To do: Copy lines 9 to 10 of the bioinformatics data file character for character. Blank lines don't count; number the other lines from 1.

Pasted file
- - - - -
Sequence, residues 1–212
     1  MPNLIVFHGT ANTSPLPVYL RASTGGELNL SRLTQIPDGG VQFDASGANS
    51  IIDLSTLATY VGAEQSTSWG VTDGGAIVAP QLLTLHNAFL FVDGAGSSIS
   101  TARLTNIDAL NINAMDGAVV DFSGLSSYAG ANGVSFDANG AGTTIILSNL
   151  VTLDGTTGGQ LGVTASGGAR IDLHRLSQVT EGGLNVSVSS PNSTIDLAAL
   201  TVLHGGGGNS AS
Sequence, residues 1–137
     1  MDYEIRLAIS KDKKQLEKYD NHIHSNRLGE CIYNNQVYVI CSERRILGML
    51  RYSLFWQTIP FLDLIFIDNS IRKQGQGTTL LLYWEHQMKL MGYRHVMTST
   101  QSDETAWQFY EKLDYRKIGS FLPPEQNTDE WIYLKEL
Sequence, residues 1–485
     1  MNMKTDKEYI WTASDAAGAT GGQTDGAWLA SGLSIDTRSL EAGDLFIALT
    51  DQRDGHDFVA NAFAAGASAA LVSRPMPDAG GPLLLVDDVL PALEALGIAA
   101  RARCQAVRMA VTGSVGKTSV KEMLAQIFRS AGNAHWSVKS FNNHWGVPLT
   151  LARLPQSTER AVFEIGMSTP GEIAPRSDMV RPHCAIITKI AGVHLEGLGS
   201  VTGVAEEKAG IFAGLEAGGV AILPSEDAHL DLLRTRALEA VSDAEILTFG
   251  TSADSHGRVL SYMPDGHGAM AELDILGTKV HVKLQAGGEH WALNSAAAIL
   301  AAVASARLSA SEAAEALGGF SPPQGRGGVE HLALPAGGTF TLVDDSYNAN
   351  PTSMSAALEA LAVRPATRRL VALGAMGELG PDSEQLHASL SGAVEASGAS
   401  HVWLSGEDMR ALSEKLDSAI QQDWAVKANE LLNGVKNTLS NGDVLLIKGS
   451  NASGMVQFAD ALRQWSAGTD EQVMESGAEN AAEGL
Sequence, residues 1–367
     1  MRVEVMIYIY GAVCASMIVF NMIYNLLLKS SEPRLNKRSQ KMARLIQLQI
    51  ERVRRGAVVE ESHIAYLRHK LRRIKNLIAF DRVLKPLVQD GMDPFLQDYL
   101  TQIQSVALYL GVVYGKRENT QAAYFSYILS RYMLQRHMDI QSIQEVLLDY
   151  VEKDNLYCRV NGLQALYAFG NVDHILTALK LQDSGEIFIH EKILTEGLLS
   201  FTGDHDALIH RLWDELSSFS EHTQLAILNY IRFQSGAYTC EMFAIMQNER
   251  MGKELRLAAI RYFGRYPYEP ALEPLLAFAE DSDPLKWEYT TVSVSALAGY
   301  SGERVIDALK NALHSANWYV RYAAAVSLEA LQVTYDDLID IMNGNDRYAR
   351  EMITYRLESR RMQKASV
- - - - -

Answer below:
    51  RYSLFWQTIP FLDLIFIDNS IRKQGQGTTL LLYWEHQMKL MGYRHVMTST
   101  QSDETAWQFY EKLDYRKIGS FLPPEQNTDE WIYLKEL